Active vs. Passive
ETFdb.com: How has the active vs. passive debate evolved most recently in the ETF world?
T.T.: Some argue that because of the growing number of professional investors, the likelihood of standing out against that competition has diminished dramatically. Indeed, the record of active managers being able to outperform their benchmarks is quite poor. On closer inspection, a major portion of this disappointing performance is directly related to the level of fees charged by the manager. Thus, probably the biggest shift by investors has been to lower fee products, and they have been increasingly passively managed, which, of course, is possible because higher priced stock selection talent is bypassed. There has been, as a result, a dramatic compression of fees in the ETF world.
ETFdb.com: What role will robo advisors play in shaping ETF distribution trends for active ETFs?
T.T.: The phenomenon of robo advisors naturally selects away from active ETFs. The essence of robo advice is its reliance on historical performance as a way of predicting future performance. Of course, there is no guarantee that the past will continue into the future. And few, if any, of the off-the-shelf robo advisory products even try to judge whether an active manager will be one of the minority that delivers above-average performance.
ETFdb.com: Why is a man-robo hybrid approach to investing more appealing than being purely passive or chaotically active?
T.T.: All investing is active in the sense that decisions must be made at several junctures in the process. Is it bonds or stocks? A decision of some sort is needed. Just because an algorithm could make the “decision” does not mean that the algorithm invented itself. We’re not yet at that stage of artificial intelligence. Also, we take issue with the notion that being active requires it to be “chaotic.” Our process is rules-based and extremely influenced by a quantitative set of factors, about as far from chaotic as one could envision.
Lower ETF Fees
ETFdb.com: How might the ongoing “fee wars” across index-based products impact active ETFs, which are by nature higher-priced?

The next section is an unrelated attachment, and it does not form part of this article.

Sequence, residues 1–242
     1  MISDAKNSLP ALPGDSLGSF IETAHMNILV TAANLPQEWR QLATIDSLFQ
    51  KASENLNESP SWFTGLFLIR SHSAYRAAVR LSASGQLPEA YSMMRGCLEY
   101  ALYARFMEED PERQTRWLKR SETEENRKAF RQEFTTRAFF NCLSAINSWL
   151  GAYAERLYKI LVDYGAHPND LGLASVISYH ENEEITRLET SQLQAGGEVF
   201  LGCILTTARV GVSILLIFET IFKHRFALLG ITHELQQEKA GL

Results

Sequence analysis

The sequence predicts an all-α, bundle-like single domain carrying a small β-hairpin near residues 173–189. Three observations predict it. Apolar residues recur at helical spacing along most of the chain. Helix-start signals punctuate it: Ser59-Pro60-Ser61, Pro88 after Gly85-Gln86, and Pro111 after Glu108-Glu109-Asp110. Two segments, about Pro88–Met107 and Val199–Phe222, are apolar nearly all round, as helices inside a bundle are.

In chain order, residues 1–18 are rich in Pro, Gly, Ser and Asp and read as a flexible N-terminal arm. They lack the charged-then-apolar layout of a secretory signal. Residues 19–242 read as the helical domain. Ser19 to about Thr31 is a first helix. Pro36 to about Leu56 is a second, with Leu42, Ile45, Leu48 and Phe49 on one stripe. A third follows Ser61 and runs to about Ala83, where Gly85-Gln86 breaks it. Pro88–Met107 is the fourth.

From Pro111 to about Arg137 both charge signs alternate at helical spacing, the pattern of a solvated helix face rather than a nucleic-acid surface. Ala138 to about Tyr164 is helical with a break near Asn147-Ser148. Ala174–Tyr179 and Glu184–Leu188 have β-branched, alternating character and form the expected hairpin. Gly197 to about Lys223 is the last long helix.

T.T.: There has been fee compression across all products, passive or active. TrimTabs tries to position its offerings at below-average fee levels for each product class. We are very efficiently organized and are able to offer the chance for good value received by our clients. With that said, higher-priced active ETFs will likely struggle to win over cost-conscious investors as fees for index-based products inevitably drift lower.
Check out the list of the 100 lowest expense ratio ETFs here.
Free Cash Flow vs. Other Smart-Beta Factors
ETFdb.com: What is the difference between focusing on factors like free cash flow vs. more popular smart-beta factors like volatility or size?
T.T.: The academic literature has been dominated by the “smart-beta” factors mentioned. However, while not as widely explored as they have been, free cash flow, strong balance sheets and reduced share count are confirmed individually in the research. Our use of the combination of the three, while different, was not just the result of throwing randomly selected factors into a backtest optimizer. Instead, we made a decision that makes intuitive sense. And that is the first rule of model building: Have a reason for your approach.
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The Bottom Line
The recently launched TrimTabs All Cap International Free-Cash-Flow (TTAI) offers investors exposure to international high quality companies with strong corporate free cash flow. Since the holdings are non-U.S., it offers the opportunity for diversification. The ETF is active, but offers a relatively competitive expense ratio. As Mr. Theodore mentioned, “TrimTabs tries to position its offerings at below average fee levels” and they are aware that ETF fees in the industry as a whole are compressing.